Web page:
Let’s begin at the end—the final sentence of “Understanding Population Health Terminology,” a paper published by one of us, Kindig, in 2007: “The overriding population health question is, what is the optimal balance of investments (e.g., dollars, time, policies) in the multiple determinants of health (e.g., behavior, environment, socioeconomic status, medical care) over the life course that will maximize overall health outcomes and minimize health inequities at the population level? This is a significant challenge that will require decades of attention by scholars and policymakers.”
This idea derives from the 1990 Evans-Stoddart population field model that has been the intellectual underpinning of our field for decades. This paper and its final figure, exhibit 1, shows the evolution from the medical model shown in the health care and disease boxes on the right to the broader model with expanded concepts of outcomes and the addition of multiple determinants of health.
Exhibit 1: A Population Health Field Model
This is certainly a complex model that one of its creators later called a “Fantasy Equation,” saying that “at present we but vaguely understand the relative magnitude of the coefficients on the independent variables that would inform specific policies rather than broad directions, even if we are beginning to see the variables themselves more clearly.” Robert Evans and Greg Stoddart again noted in 2003 that “most students of population health cannot confidently answer with precision the question: ‘Well, where would you put the money?’” That has not stopped us from calling for its solution over the past 25 years here and here but with little to show for it.
One of us, Kindig, presented this conundrum to a group of students during a guest lecture for the other’s, Mullahy’s, “Introduction to Population Health” course. At this point, Kindig asked: “How can this be? This can’t be as difficult as all the modelling and equations needed for landing on the moon, can it?”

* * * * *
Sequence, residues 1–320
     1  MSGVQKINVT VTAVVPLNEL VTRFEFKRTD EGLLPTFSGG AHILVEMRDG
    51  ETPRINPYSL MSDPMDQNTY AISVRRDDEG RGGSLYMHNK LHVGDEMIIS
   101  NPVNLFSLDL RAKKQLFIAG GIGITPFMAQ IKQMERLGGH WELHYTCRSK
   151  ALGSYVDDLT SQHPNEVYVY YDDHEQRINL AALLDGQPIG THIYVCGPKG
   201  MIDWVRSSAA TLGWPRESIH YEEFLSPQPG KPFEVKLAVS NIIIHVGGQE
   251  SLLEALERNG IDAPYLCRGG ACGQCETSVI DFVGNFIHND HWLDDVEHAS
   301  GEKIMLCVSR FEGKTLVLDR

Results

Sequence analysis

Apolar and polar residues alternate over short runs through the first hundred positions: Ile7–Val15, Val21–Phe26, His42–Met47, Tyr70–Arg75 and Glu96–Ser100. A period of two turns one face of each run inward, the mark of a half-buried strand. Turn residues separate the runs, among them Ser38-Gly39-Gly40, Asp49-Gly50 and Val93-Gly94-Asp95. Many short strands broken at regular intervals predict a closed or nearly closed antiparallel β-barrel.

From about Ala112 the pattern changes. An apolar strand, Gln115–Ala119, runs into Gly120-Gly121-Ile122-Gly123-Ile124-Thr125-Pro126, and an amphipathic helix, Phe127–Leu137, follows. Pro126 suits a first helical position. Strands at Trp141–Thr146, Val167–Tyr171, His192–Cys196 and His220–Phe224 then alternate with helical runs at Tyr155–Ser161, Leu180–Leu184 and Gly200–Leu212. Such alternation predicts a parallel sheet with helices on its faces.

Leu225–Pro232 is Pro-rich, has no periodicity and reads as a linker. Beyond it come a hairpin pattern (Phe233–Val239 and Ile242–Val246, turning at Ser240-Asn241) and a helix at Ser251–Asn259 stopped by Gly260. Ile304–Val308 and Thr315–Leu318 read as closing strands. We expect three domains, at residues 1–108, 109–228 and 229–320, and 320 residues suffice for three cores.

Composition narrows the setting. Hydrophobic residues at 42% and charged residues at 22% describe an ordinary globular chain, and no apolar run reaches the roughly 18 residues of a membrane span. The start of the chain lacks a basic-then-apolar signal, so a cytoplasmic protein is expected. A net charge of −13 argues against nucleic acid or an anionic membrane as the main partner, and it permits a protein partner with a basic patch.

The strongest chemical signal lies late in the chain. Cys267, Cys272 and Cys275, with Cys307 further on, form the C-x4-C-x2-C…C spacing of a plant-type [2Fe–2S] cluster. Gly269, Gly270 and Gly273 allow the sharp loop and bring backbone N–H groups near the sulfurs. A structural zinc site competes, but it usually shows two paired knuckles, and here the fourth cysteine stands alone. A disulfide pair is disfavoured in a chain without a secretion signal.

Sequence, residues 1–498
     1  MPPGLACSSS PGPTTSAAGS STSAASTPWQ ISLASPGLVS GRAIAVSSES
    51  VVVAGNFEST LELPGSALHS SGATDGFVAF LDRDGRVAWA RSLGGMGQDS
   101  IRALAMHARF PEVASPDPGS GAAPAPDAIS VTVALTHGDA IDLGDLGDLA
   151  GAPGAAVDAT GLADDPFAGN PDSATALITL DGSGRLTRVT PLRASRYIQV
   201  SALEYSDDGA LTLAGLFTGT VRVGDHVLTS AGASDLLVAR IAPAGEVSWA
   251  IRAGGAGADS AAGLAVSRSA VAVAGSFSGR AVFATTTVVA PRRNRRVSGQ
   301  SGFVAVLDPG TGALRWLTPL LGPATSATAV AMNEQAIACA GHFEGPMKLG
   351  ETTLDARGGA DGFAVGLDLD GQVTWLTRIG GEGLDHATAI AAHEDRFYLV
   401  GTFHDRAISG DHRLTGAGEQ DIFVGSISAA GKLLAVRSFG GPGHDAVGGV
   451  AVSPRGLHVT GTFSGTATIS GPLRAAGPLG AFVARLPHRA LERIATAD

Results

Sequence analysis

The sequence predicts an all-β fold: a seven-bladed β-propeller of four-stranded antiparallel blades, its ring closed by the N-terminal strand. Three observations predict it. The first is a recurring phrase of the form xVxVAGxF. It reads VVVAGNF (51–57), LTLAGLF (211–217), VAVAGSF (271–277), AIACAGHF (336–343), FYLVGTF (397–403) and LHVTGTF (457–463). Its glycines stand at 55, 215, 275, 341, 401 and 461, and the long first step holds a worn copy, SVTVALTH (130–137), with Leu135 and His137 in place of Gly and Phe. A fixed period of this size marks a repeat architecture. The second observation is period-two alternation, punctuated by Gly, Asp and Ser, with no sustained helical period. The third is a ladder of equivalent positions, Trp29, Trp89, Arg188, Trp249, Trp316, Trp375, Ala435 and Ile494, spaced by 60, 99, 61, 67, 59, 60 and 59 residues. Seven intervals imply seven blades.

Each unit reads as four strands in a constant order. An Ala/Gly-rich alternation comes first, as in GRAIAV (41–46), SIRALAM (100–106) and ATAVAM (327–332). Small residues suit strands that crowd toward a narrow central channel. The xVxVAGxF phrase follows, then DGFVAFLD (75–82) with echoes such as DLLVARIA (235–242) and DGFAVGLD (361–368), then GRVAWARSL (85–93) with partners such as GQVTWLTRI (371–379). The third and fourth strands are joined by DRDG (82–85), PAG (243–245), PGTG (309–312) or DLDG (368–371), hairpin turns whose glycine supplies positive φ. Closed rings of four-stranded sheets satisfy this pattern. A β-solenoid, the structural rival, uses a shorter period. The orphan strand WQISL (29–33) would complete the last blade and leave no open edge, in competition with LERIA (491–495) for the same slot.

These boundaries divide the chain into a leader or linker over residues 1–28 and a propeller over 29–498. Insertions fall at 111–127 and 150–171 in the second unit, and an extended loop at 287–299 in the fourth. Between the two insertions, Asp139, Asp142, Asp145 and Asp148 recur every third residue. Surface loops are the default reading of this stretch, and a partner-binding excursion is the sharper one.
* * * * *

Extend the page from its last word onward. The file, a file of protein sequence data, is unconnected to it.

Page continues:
Here are the answers we came up with on the class whiteboard.
It Is Harder
This is in the realm of social science, not physics and engineering. Causality is difficult to conceptualize and, even if well conceptualized, demonstrate empirically.
There Are Multiple Outcomes
With the model’s important expansion beyond disease into health and function and even well-being, the number of outcomes explode: overall mortality, morbidity, health-related quality of life, as well as disparities and inequities in all of them. Summary measures while sometimes useful add the complexity of weighting components. This seemingly constant instability led one student to question if the “Fantasy Equation” does exist, is it only applicable in a steady state, where variables of the systems or the process are unchanging in time? Since we live in a dynamic state, such a fixed solution to the “Fantasy Equation” likely does not exist and even if it did, it may not be applicable in a decade or two.
There Are Multiple Units Of Analysis
Another outstanding question is: Which population? Which is of primary interest and clinical or social policy relevance: individuals, communities, nations, the world, marginalized groups, separately or all together?
Many, Many Complex Empirical Issues
To speak of “a solution” to the fantasy equation is itself a fantasy. Its essential nature is that of a complex set of cause-effect relationships. For data to shed light on these relationships, not only must the specific causes and outcomes have clear definitions, but those definitions must find empirical counterparts in available data. What follows, therefore, is a litany of additional questions:
- What are the individual and/or population health metrics of interest?
- What are the specific determinants that are amenable to manipulation by policy interventions? (A reminder that, as is sometimes claimed in the causality literature, there is “No causation without manipulation.”)
- What imaginable policies can be designed or modified to bring about such manipulation?
- With what time lags do determinants and policies have their effects?
The empirical task at hand is hardly simplified when one recognizes that confounding and interactions among the determinants and among the policies at a point in time and over time are almost certainly of fundamental importance. Even if such interactions could be characterized conceptually, learning about them from existing data would be a formidable task.